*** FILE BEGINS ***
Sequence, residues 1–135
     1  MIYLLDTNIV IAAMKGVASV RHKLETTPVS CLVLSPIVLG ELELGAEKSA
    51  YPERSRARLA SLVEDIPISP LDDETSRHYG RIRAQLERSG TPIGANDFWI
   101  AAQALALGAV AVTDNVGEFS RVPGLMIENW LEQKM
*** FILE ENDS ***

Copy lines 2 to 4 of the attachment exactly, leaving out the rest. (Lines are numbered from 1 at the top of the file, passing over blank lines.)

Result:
     1  MIYLLDTNIV IAAMKGVASV RHKLETTPVS CLVLSPIVLG ELELGAEKSA
    51  YPERSRARLA SLVEDIPISP LDDETSRHYG RIRAQLERSG TPIGANDFWI
   101  AAQALALGAV AVTDNVGEFS RVPGLMIENW LEQKM